February 22, 2016
The British Council for Office (BCO) has released a new report which questions the commercial property industry’s commonly ‘accepted wisdom’ that if you break down overall business operation costs, 80 percent of the total goes on salaries and 10 percent on property, with other expenses making up the rest. The BCO’s analysis has found that a more realistic split is 55 percent (salaries), 15 percent (property) and 30 percent (other business costs). So while salaries continue to dominate overall costs, property and non-property business costs play a greater role than the commonly received idea. The BCO believes this clearer understanding of how much property represents of overall business costs will now change, influence and underpin business decisions. This new analysis may also have an impact on rental forecast and could also affect the impact of changing business rates – affecting what organisations may be able to afford.
Bill Page, Chairman of BCO Research Committee and Business Space Research Manager in Legal & General Investment Management’s Real Assets team, “The property industry has relied for many years on an informal ‘rule of thumb’ to describe the role played by property in overall business costs.
“As a result, the BCO set out to present a more robust benchmark to support or replace this assumption. Ultimately, our analysis found that while salaries continue to dominate overall costs, property and non-property business costs play a greater role than accepted industry wisdom. The BCO believes this clearer understanding of the proportionate cost of property on the balance sheet will ensure organisations are more informed when making decisions about their property portfolio, while investors can better appreciate the implications rental growth has to affordability.”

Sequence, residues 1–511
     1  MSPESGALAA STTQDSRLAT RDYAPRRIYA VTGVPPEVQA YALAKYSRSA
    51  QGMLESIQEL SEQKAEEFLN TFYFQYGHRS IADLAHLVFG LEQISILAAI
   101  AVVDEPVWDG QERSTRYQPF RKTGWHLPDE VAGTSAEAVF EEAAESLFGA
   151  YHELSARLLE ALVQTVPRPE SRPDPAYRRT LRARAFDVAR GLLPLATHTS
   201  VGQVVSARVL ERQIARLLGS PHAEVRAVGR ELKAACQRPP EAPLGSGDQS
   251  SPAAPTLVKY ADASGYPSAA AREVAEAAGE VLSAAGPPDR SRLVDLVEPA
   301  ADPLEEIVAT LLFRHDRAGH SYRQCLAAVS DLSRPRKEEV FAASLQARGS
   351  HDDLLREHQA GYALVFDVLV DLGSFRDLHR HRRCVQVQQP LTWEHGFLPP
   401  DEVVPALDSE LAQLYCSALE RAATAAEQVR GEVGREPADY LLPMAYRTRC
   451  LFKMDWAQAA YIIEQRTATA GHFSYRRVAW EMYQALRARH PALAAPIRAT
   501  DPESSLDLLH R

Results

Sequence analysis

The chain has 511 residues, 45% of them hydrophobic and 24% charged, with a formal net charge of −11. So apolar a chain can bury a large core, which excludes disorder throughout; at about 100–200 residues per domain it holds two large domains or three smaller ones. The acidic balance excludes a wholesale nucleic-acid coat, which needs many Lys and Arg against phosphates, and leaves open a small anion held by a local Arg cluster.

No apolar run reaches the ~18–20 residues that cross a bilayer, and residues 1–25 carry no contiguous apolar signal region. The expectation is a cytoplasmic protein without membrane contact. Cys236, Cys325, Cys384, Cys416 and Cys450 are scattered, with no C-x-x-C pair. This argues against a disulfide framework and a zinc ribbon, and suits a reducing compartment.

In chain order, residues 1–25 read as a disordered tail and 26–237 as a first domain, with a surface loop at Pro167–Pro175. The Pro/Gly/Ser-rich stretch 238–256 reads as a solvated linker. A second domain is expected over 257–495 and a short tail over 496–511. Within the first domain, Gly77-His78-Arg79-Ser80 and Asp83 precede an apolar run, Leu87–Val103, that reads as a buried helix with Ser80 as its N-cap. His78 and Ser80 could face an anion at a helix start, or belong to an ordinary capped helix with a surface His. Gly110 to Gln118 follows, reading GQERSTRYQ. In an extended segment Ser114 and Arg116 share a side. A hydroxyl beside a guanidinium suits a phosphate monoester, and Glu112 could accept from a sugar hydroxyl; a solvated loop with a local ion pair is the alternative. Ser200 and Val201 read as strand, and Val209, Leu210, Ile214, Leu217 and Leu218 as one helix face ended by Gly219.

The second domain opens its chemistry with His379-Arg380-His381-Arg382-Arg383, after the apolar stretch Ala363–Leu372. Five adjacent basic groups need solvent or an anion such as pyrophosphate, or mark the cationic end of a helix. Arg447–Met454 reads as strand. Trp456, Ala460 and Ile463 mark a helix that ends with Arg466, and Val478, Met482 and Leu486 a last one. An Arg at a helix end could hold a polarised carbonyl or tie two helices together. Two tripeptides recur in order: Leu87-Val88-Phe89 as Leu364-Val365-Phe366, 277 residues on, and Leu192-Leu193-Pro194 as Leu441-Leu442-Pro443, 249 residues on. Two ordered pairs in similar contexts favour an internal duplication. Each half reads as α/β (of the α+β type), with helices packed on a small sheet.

Because the evidence base behind the 10 percent property claim was questionable; the BCO invited MSCI Global Occupiers and Ramidus Consulting to undertake a brief exercise to explore the evidence and present a robust benchmark to support or replace this theory.
Annual Business Survey data from the Office for National Statistics (ONS) were used to build the most comprehensive picture of business costs in four key sectors representing ‘the office economy’, namely: Information & Communications; Real Estate; Professional, Scientific &Technical Activities; and Administrative & Support Services. These represent around six million jobs nationally, or 20 percent of all jobs. For the analysis the BCO focus on businesses costs, which break down into purchases, taxes and employment costs.
The analysis showed that the four key sectors have a combined total business cost of around £429 billion, including £244 billion of purchases (including ‘Other services’); £178 billion of employment costs and £6 billion of taxes. ‘Other services’, which include property rent, represent 26 percent of total business costs.
For more information and to request a copy of the report click here.